A growing scandal over Nevada’s alleged “dumping” of mentally ill patients in California is stretching into Orange County, with county officials saying this week that they’re trying to find a woman apparently sent to Anaheim without support.

Health care officials have been looking for the woman, whose first name is Monica, but haven’t succeeded, said Mary Hale, Orange County’s behavioral health director.

At least one Nevada patient has previously been found in Orange County, and there may be many more patients locally who have yet to be identified.

“This facility in Nevada is doing Greyhound [bus] therapy,” Hale told county supervisors on Tuesday amid growing outrage over the issue statewide.

Nevada’s main psychiatric hospital sent 28 patients to Orange County in recent years, according to data collected by the Sacramento Bee. In many of the so-called patient dumping cases examined by the newspaper, Nevada officials simply sent clients on their way without ensuring they received treatment or housing.

Those sent to Orange County are among hundreds of patients that Nevada’s Rawson-Neal Psychiatric Hospital allegedly bused to California with little or no resources.

Nevada mental health officials have defended their actions, saying the vast majority of their patients are returned to families or treatment programs.

Nevada state officials are under intense pressure after the issue was exposed by the Bee last week. San Francisco’s city attorney called it “shockingly inhumane and illegal.” City attorneys in Los Angeles and San Francisco are considering legal action against Nevada, whose dumping of mentally ill patients corresponds with cuts to its funding of mental health services.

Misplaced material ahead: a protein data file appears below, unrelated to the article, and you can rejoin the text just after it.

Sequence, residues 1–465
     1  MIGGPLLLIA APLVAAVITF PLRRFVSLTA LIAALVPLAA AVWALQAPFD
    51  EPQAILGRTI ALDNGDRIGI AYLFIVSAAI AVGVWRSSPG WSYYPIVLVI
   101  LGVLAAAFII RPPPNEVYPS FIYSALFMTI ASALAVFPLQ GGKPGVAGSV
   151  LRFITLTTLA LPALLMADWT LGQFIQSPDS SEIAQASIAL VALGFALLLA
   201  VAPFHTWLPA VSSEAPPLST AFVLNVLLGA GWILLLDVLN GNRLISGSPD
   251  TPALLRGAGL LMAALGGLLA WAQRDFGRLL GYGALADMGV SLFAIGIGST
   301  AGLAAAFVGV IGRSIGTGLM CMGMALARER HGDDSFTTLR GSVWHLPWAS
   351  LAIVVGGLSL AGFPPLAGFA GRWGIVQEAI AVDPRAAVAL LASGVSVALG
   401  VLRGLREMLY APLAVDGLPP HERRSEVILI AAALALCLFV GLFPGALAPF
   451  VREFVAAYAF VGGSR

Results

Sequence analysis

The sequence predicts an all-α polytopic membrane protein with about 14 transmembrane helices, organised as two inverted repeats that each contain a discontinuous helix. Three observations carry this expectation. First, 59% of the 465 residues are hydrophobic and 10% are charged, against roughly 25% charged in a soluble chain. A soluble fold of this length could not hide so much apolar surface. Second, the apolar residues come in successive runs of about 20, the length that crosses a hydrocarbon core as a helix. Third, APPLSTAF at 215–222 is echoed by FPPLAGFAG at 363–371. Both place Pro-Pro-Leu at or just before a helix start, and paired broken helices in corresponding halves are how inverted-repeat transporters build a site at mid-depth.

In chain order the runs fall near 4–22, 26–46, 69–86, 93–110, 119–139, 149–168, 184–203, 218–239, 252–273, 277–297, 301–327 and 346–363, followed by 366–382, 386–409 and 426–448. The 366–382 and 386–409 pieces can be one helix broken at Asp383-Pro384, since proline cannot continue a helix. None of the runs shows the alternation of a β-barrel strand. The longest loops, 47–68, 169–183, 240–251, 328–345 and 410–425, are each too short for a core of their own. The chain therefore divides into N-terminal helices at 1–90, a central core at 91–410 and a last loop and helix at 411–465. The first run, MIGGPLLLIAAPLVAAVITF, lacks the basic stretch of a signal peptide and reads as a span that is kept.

One example cited by the newspaper is a patient allegedly sent to Sacramento, a city he had never visited, with no more than snacks, a three-day supply of medication to treat his schizophrenia and instructions to call 911 when he arrived.

The issue isn’t limited to California’s largest cities. Figures gathered by the Bee show that since mid-2008, Nevada has sent 19 patients to Anaheim and 9 to Santa Ana.

At this week’s Orange County Board of Supervisors meeting, Supervisor John Moorlach brought up the issue, asking whether officials have located Monica.

Hale of the county’s Health Care Agency said a search by outreach and engagement staff was fruitless. “We haven’t found her,” said Hale.

Hale also recalled that a former Nevada patient, diagnosed with schizophrenia, was found in Newport Beach “a couple of years ago” and subsequently received treatment.

Hale emphasized that Orange County officials ensure that family members are contacted and outpatient care is arranged for when patients are discharged.

It’s extremely rare to ever send a patient out of state without contacting the patient’s family, Hale added, saying she couldn’t remember that ever happening in Orange County.

Orange County officials haven’t announced any legal inquiries into Nevada’s patient busing.

Tuesday’s discussion came as supervisors considered a two-year, $8.7-million contract for mental health inpatient services. The contract, with College Hospital Costa Mesa and Western Medical Center Anaheim, was approved unanimously.

You can reach Nick Gerda at ngerda@gmail.com, and follow him on Twitter: @nicholasgerda.

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